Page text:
The plan had several ecological studies behind it, all done in the late 1960’s and ‘70s. Angoletti said there were two major tenants to their plan in the ‘70s. “One is managing development to fit the needs of the area [and] the desires of the area,” she said. “The second is to protect natural resources or to build only the development that the natural resources of the area could support.” 

There was mention of groundwater in this plan, but at this time it had been studied very little.

“When I started in 2000 as director at BACOG I looked through the plan. I read it. I looked for things that I thought were important, and that’s what stood out to me. Here’s a resource that everyone in the area, whether you’re a business or a resident or passing through, everyone uses groundwater as the water source,” she said. 

One of the first things Angoletti did as director was create a committee to address the issue.  They asked for volunteers to join the committee, one of them being hydrogeologist Dr. Kurt Thompson. They went through around 110,000 well logs and within the first three years created a three-dimensional model of the shallow aquifer system in their study area. In a partnership with the United States Geological Survey, BACOG converted some wells into monitoring stations that constantly monitor groundwater levels. BACOG partnered with other municipalities in order to complete their plan, but many other municipalities simply can not afford to replicate BACOG’s plan. 

In order to truly understand how groundwater moves, you need to map a large area, sometimes larger than the municipality itself. Many turn to the Illinois State’s Geological and Water Surveys to understand how groundwater moves. Illinois’ water survey is one of the best in the country and provides detailed information.

BACOG, Groundwater Recharge Map. | Photo courtesy of BACOG.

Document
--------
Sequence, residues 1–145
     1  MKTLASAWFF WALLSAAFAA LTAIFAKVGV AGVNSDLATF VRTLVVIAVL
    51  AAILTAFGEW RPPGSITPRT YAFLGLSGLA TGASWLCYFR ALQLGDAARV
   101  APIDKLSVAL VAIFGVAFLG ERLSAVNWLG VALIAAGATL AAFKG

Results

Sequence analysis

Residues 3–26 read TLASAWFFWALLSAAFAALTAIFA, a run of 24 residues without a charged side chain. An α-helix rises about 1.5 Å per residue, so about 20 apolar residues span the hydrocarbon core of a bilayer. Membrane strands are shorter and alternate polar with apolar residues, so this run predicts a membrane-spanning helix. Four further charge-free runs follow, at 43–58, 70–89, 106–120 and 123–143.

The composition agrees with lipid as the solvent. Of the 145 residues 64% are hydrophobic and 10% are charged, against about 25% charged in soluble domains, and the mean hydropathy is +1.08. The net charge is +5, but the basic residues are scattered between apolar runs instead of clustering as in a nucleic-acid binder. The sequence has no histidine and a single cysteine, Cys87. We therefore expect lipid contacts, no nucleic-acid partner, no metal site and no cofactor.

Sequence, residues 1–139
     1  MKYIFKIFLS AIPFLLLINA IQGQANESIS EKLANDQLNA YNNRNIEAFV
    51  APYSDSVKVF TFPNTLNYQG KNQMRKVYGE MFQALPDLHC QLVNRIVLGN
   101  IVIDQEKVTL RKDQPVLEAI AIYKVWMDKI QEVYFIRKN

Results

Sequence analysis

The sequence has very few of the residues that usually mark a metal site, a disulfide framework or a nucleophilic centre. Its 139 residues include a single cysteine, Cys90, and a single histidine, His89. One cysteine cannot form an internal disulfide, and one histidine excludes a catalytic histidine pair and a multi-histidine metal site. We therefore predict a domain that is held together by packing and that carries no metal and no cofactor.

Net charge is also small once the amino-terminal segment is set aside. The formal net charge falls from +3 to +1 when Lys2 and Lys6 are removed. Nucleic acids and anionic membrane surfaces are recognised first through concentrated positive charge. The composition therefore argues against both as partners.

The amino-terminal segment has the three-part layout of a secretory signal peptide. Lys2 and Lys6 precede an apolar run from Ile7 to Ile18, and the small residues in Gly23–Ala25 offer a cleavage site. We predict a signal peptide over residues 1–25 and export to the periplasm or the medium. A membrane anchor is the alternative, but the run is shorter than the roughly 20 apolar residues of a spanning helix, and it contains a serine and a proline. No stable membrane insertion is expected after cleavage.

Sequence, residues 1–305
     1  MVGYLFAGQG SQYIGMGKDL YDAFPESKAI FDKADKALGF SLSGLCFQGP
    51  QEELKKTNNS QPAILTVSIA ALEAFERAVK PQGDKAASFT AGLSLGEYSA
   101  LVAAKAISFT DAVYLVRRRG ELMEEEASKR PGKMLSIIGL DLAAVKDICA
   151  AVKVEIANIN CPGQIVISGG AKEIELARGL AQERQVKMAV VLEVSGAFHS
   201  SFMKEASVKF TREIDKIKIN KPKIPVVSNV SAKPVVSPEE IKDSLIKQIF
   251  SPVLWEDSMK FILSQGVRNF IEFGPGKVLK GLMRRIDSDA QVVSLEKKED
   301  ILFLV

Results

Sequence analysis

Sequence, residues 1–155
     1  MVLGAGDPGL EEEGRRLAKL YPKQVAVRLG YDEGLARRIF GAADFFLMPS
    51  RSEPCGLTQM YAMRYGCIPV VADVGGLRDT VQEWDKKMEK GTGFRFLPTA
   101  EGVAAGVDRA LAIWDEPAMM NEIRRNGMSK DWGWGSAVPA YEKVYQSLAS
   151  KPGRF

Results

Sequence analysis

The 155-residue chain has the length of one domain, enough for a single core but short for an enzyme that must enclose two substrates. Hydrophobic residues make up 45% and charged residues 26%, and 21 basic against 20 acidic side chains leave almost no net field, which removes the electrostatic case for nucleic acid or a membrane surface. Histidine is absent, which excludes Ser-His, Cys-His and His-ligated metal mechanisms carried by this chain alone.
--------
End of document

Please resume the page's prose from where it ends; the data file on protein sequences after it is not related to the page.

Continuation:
Lisa Woolford, director of green initiatives and business development for ILM Environments, a public and government service dedicated to the conservation of local land and water in the Chicagoland area, said that one issue plaguing aquifers — in addition to overuse — is development. Woolfard said development of cities can mean more entities pulling upon the aquifer but it can also mean, “impacting recharge areas where rain can make its way down to fill the aquifers back up again,” she said. Recharge areas are areas where aquifers collect the most of their groundwater. Without them, aquifers become less productive. 

“If you’re gonna go and build a Walmart in that area, you’ve taken away that groundwater recharge site. It’s going to affect the residents of seven to eight municipalities. So BACOG will work to defend that groundwater recharge area to make sure that we’re not doing damage to the aquifer system,” she said. 

Woolford said that she is starting to see other municipalities shift away from such a reliance on groundwater. “That’s where municipalities like Elgin now tap into the Fox River for their drinking water. Lake Zurich now pipelines to Lake Michigan for their water.”

Woolford, Agnoletti and Hirschfeld all invite those interested in ground water conservation to reach out to their local municipalities and ask what they do to protect the invaluable resource. In addition, each one of their organizations have published information on their respective websites on how to help preserve natural groundwater. 

“These programs are useful for people and knowledge is power,” Agnoletti said. “If you don’t know what’s going on, then you don’t know anything. You don’t have the power to control it, change it, improve it.”

Resources to Get Involved

BACOG Water Resources Model – understanding the creation of the Aquifer Model

BACOG Reports and Resources

BACOG Water Level Monitoring Program With Updated Information 

BACOG Brochure

Illinois State Water Survey 

Illinois State Geological Survey

Prairie Rivers Network Clean Water Forever Campaign